The place’s beauty, as well as its biological wealth makes the reserve a particularly important destination for scientific investigators, nature lovers and bird-watchers, located 183 Km southwest of Iquitos City.
Pacaya Samiria “the Mirrored Jungle” with 2 million hectares, it is the biggest National Reserve of Peru, also it is the largest protected flooded forest of the world and one of the richest places in biological wealth on the planet. Between its biological diversity we find 449 of tropical bird species, 102 of mammals, 256 known species of freshwater fish, 69 of reptiles and more than 1000 varieties of plants, as well as species in danger of extinction like the giant otter, the black lizard, the manatee and the pink dolphin of the Amazon.
The reserve covers large parts of the Loreto, Requena, Ucayali and Alto Amazonas provinces, making it one of the largest in the country and the whole of South America. It is also the largest area of protected floodable forest in the Amazon. It is bordered by two large rivers: the Marañón to the north and the Ucayali – Puinahua Canal to the south. There are three river basins within the reserve: the Pacaya, Samiria and Yanayacu – Pucate basins, as well as numerous lagoons, ravines, creeks and streams.
The area has an average temperature of between 20°C (68°F) and 33°C (91°F) and annual rainfall of between 2000 and 3000 mm, which accounts for its large biological diversity: 449 species of bird, 102 mammals (including the pink dolphin), 69 reptiles, 58 amphibians, 256 types of fish and 1024 wild and cultivated plants.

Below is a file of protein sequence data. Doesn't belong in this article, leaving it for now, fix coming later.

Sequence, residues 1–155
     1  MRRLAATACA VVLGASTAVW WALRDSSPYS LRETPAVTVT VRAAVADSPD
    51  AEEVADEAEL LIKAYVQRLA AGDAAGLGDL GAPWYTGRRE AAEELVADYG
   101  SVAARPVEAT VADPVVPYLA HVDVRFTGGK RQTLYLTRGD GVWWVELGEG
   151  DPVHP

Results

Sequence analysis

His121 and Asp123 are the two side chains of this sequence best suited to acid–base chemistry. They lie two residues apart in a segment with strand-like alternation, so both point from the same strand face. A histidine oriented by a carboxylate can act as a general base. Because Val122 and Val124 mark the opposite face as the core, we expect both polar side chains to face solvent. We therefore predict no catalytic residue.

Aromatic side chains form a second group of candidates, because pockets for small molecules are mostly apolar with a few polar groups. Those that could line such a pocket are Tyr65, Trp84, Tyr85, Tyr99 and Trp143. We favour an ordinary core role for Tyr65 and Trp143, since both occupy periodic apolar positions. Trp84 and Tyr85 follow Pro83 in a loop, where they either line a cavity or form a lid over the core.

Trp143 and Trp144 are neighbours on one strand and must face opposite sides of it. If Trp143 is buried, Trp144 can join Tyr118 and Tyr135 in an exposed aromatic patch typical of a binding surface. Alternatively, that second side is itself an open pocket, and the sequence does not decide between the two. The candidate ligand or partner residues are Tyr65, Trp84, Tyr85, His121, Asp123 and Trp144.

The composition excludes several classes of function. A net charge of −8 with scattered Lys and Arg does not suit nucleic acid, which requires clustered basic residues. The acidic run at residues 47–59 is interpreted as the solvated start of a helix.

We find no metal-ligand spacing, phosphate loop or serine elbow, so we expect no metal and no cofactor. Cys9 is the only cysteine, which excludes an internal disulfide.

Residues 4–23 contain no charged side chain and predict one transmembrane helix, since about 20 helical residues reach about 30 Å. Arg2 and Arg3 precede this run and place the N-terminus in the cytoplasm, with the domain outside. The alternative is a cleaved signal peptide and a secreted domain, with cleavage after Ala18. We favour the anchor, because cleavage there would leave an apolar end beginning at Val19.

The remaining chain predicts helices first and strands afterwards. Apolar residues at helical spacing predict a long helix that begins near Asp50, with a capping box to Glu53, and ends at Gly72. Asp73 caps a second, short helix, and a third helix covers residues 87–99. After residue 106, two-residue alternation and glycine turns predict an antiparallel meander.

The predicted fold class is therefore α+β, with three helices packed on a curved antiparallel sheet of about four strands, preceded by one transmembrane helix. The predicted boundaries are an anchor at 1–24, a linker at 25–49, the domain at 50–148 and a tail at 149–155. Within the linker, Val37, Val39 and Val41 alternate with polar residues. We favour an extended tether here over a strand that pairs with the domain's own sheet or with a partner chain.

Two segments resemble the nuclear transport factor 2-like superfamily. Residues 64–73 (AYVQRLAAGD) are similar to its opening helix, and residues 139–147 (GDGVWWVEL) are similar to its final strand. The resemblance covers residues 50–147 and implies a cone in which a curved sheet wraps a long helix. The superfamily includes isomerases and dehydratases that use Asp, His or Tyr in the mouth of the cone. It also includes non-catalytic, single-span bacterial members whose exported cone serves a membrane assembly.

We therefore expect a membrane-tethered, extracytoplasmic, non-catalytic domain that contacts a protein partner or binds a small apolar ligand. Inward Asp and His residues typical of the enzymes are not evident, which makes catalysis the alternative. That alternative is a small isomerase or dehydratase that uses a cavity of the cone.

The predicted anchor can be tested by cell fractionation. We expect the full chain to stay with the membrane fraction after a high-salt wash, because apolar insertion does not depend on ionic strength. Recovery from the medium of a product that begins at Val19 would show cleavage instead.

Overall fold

The reserve is a shelter for threatened or endangered species including the Giant South American turtle -charapa- (Podocnemis expansa), the Peruvian spider monkey (Ateles sp.), the giant otter (Pteronura brasiliensis), the scarlet macaw (Ara macao) and cedar trees (Cederla odorata), among others.
There are also various projects focused on the protection and management of natural resources, including the repopulation of the Giant South American turtle and Taricaya turtle on artificial beaches in the reserve. Witnessing the final stage of the process, when the animals are released back into the rivers, ravines and lagoons, is a breathtaking moment.
Over 42,000 people live in 94 towns on the edges of the Pacaya Samiria reserve, on the banks of the Marañón and Ucayali rivers, and a further 50,000 live in 109 towns in the buffer zones. The main activities are fishing, agriculture, harvesting and hunting.
Location: 183 Km southwest of Iquitos City. The shortest route is on the Iquitos – Nauta road and by river from Nauta to the 20 de Enero Community (15 hours by boat or 4 hours by speedboat) on the Yanayacu – Pucate basin. To visit, a permit must be obtained from the National System of State – Protected Areas (SERNANP).
Trekking, hiking, camping, caving, bird watching, and flora and fauna spotting.
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